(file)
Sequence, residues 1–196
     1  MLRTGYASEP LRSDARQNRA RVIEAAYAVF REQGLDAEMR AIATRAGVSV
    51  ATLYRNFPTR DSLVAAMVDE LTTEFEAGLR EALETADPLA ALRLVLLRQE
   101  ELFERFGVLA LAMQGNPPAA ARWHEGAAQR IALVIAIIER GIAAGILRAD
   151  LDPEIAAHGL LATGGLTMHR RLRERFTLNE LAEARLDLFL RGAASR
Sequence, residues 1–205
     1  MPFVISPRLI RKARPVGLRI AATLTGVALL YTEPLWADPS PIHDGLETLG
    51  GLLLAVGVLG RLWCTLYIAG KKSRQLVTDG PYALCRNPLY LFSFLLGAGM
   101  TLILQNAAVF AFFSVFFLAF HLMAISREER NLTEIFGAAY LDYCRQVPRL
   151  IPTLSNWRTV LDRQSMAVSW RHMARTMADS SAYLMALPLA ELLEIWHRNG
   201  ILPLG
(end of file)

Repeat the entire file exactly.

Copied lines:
Sequence, residues 1–196
     1  MLRTGYASEP LRSDARQNRA RVIEAAYAVF REQGLDAEMR AIATRAGVSV
    51  ATLYRNFPTR DSLVAAMVDE LTTEFEAGLR EALETADPLA ALRLVLLRQE
   101  ELFERFGVLA LAMQGNPPAA ARWHEGAAQR IALVIAIIER GIAAGILRAD
   151  LDPEIAAHGL LATGGLTMHR RLRERFTLNE LAEARLDLFL RGAASR
Sequence, residues 1–205
     1  MPFVISPRLI RKARPVGLRI AATLTGVALL YTEPLWADPS PIHDGLETLG
    51  GLLLAVGVLG RLWCTLYIAG KKSRQLVTDG PYALCRNPLY LFSFLLGAGM
   101  TLILQNAAVF AFFSVFFLAF HLMAISREER NLTEIFGAAY LDYCRQVPRL
   151  IPTLSNWRTV LDRQSMAVSW RHMARTMADS SAYLMALPLA ELLEIWHRNG
   201  ILPLG